A provision in a recent coronavirus relief package prevents states from terminating Medicaid benefits during the pandemic.
The Families First Coronavirus Response Act (“CV Response Act”) was signed into law on March 18, 2020 and prevents states from terminating any Medicaid recipients who were enrolled in Medicaid on or after March 18, 2020, including in circumstances where there is a change that would normally cause their coverage to be terminated. Medicaid coverage for all recipients must continue through the end of the month during which the public health emergency declared by the Secretary of Health and Human Services for COVID-19 ends.
The state must make a good faith effort to contact recipients whose Medicaid benefits were terminated after March 18, 2020 and encourage him or her to reenroll. States are, however, able to terminate coverage for people who request to be terminated or who are no longer residents of that state.
The continuous coverage requirement does not apply to individuals who were determined to be presumptively eligible for benefits, but individuals who were determined ineligible before March 18, 2020 who continue to receive coverage while they appeal the decision are entitled to this continuous coverage.
It is important for the maximum number of people to maintain health coverage during this public health crisis for several reasons. First, it is vital to public health. People who do not have health insurance may delay testing and treatment for COVID-19 if they cannot afford the care they would need. Providing Medicaid recipients with continuous coverage allows them to get the care and treatment they need if they become sick while freeing them from the paperwork that would otherwise be needed to prove eligibility, especially if their work situation has changed during this time.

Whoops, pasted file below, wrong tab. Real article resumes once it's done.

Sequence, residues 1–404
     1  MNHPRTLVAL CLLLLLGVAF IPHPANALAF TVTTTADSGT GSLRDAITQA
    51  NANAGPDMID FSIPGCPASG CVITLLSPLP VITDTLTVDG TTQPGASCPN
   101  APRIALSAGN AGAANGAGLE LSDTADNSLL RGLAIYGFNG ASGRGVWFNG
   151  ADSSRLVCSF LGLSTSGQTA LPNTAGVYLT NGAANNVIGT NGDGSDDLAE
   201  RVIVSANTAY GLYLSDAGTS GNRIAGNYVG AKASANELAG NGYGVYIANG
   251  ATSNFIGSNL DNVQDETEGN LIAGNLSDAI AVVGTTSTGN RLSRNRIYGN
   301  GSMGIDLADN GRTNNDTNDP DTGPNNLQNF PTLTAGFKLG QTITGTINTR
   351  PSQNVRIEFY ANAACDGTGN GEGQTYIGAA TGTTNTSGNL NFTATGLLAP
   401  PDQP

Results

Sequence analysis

Second, although most people with Medicaid coverage will likely remain eligible during an economic crisis, they are at particular risk of losing coverage due to wage checks against outdated data. Few people will likely experience income increases that would lead them to lose Medicaid eligibility right now, but many will either lose their jobs or lose a large percent of their usual income. The periodic data matches that states conduct against lagging earnings records may significantly overstate current income levels. If states continue to terminate coverage based on these checks or require people to submit extra paperwork to prove their income, many people will likely lose coverage just when they need it.
Finally, this new provision allows states to prioritize enrolling new applicants who become eligible after losing their job or having another change in circumstances. Applications are likely to surge in coming months as more people lose jobs and the health coverage that was tied to their jobs. It’s also important to keep in mind that many states have closed eligibility offices and many state caseworkers are unable work full time due to caregiving responsibilities with schools closed as well as other health concerns.